When Empire A does something that treads on Empire B's toes - settling a system B has claimed, moving troops through their space in violation of their Closed Borders, etc - it sparks a Diplomatic Incident. This is an ongoing event with a countdown timer, in which Empire A and Empire B both have 'scores'. Whoever has the highest score when the timer ends wins - but if the sum of their scores reaches 100, war breaks out between them. The loser in a diplomatic incident suffers a temporary penalty to all negotiation progress for a while, as well as, potentially, penalties to Influence production, public happiness, and so on, similarly to a Humiliate war outcome (which also ought to give a negotiation progress malus, to represent the humiliated empire not being taken as seriously as before). The winner might gain temporary bonuses to their negotiation progress, public support, lump sums of Influence, and the approval of their internal belligerent factions and the loser's enemies. The higher the total score when the timer runs out, the more extreme the effects, and the worse the effect on A and B's relations. The more egregious the incident, the higher the starting score - marching a fleet into someone's territory will be higher-stakes straight off the bat than a diplomat shooting his mouth off at a party.

In order to increase their scores, empires would have a variety of actions they could take - issuing denunciations, expelling ambassadors, cancelling trade deals, closing borders, and so on. Some actions might add other conditions to the win/lose consequences - eg. if B demands reparation payments, then if B wins, A has to pay them said reparations. Actions performed on the map might also contribute to the ongoing incident - for example, if either side were to violate the other's Closed Borders while a Diplomatic Incident was going on between them, it would increase their score. With each action taken, the countdown timer is reset, to give the other side time to respond. An empire could, however, choose to back down, immediately losing the Incident regardless of the total score.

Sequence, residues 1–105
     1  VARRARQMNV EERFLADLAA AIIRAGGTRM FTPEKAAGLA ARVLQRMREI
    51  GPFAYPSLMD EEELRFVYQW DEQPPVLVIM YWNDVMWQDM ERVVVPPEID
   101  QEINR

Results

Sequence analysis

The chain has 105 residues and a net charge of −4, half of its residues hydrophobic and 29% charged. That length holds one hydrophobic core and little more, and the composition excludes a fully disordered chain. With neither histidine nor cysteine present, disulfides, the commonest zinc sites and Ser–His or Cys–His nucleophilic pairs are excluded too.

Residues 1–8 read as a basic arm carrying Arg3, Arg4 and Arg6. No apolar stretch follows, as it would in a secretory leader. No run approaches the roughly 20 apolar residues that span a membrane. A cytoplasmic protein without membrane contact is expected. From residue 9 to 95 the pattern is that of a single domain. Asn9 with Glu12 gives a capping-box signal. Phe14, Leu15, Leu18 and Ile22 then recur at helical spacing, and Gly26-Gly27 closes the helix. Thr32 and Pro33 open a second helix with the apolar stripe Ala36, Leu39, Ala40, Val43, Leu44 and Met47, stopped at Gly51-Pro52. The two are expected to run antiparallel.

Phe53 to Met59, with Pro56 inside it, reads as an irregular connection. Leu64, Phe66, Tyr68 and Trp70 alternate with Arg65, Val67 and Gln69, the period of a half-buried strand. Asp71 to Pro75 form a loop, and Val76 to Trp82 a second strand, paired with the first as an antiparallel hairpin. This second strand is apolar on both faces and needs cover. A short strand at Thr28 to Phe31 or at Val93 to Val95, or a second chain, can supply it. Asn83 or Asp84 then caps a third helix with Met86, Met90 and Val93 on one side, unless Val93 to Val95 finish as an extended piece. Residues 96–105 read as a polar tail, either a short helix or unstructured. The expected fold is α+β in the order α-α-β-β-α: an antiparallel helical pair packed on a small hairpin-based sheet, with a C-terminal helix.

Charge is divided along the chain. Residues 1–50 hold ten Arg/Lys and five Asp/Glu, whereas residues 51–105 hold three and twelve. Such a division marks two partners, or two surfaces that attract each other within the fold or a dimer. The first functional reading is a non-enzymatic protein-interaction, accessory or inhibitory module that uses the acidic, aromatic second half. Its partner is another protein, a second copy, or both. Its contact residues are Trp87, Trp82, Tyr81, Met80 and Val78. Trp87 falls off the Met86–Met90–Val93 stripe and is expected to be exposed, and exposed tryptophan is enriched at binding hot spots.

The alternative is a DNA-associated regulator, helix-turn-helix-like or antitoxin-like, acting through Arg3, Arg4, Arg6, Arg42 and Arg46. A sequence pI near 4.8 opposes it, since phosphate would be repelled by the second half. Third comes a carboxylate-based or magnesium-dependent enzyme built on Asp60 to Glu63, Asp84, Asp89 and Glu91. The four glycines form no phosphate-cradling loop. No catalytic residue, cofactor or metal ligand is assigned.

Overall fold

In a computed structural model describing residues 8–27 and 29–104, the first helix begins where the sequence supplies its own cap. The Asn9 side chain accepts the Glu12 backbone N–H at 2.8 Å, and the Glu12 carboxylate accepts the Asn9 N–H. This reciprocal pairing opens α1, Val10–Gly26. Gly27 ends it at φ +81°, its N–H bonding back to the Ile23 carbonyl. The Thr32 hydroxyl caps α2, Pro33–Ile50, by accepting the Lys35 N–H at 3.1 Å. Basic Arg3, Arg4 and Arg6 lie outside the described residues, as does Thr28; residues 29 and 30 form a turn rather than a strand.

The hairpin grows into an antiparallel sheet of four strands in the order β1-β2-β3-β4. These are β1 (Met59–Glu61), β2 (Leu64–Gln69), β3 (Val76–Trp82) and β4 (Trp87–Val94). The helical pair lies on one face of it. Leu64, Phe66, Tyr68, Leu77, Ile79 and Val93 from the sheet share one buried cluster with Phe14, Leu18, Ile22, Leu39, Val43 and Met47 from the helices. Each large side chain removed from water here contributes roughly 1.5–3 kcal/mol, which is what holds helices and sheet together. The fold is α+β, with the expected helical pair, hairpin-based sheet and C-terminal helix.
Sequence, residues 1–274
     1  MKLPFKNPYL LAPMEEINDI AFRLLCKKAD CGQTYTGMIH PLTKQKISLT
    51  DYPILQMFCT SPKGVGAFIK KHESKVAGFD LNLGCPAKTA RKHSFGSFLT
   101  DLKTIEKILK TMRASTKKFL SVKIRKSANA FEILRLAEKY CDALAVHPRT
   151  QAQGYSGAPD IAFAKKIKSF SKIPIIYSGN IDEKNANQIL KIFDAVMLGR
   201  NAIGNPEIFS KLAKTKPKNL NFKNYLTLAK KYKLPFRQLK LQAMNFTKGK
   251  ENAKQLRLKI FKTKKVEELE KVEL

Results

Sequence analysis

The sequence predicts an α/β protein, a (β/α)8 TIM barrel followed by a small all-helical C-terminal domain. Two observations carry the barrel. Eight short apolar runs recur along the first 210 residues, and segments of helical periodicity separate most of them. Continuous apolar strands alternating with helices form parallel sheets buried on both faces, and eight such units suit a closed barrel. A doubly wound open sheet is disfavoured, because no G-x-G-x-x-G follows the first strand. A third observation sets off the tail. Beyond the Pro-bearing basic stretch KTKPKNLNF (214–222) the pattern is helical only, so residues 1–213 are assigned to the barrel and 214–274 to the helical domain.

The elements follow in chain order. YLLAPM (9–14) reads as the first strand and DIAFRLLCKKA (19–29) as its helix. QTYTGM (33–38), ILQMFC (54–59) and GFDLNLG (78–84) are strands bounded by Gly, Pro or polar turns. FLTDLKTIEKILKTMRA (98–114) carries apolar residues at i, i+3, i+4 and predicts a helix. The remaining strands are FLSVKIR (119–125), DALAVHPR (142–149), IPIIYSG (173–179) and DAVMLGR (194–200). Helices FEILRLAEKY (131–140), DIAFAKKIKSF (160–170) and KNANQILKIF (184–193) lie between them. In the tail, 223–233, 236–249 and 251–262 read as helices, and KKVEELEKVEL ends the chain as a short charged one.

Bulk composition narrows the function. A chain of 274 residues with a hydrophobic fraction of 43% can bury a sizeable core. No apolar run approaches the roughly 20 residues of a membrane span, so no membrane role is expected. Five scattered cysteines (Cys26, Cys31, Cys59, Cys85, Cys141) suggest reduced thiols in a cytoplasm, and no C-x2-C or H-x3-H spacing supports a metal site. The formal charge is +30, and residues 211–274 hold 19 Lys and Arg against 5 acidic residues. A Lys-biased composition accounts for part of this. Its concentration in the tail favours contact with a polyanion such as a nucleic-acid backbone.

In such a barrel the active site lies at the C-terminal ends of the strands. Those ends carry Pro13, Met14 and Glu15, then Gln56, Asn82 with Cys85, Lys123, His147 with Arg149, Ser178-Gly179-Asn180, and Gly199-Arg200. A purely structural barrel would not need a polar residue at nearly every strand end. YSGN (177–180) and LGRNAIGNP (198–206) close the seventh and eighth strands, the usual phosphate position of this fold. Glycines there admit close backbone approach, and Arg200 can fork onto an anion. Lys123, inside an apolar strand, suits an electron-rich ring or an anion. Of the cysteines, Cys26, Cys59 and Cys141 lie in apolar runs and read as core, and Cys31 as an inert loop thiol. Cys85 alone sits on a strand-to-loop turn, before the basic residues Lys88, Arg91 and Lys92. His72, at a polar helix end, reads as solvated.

Narva

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Besides the suggestion I just made, what could make this diplomacy system even more interesting would be the potential for third-party interventions of some kind - perhaps through an espionage system that eg. allows empires to build relationships with other empires' Factions that can then be used to make mischief, or just gated with technologies, the need for relationships of a certain closeness, and Influence/diplomats'-time costs. The ability to facilitate or disrupt other empires' negotiations would take the system to the next level.

EDIT: The ultimate cherry on the cherry on the cake would be to make diplomats fly around on the map to conduct negotiations, rather than just sitting at home producing diplomatic capital. That way you might see your diplomats racing across the galaxy to handle an incident - and Pdox could then build things like diplomats being captured and assassinated and so on on top of that. It would open up opportunities for Babylon 5-style neutral venues where diplomats could meet even when the empires they represent aren't admitting them. With the combination of these elements, the whole system could make preventing a war as exciting as fighting one.
 
Last edited:

Narva

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Apologies for the triple-post, but the demands this diplomacy system could enable could even include demands the other side conduct certain negotiations with third parties - for example, empire A might negotiate with empire B to get B to negotiate with C to stop C's war against A. Or C's war against D, for that matter. On A's winning the negotiation, B automatically begins theirs, regardless of whether B wants to. B would probably also have to keep the post 'diplomat to C' staffed for the duration. This is one of those systems that gets more promising the more you think about it.